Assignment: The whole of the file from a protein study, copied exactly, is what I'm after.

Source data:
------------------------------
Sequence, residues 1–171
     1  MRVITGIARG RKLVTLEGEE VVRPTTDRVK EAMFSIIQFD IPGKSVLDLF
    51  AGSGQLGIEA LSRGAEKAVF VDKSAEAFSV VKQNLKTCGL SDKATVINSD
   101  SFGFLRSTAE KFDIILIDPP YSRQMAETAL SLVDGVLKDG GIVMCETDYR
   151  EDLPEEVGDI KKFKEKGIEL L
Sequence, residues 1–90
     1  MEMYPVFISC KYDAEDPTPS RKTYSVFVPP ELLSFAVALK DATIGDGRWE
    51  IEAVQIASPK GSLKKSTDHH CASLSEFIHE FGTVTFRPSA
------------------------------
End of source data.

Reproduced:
Sequence, residues 1–171
     1  MRVITGIARG RKLVTLEGEE VVRPTTDRVK EAMFSIIQFD IPGKSVLDLF
    51  AGSGQLGIEA LSRGAEKAVF VDKSAEAFSV VKQNLKTCGL SDKATVINSD
   101  SFGFLRSTAE KFDIILIDPP YSRQMAETAL SLVDGVLKDG GIVMCETDYR
   151  EDLPEEVGDI KKFKEKGIEL L
Sequence, residues 1–90
     1  MEMYPVFISC KYDAEDPTPS RKTYSVFVPP ELLSFAVALK DATIGDGRWE
    51  IEAVQIASPK GSLKKSTDHH CASLSEFIHE FGTVTFRPSA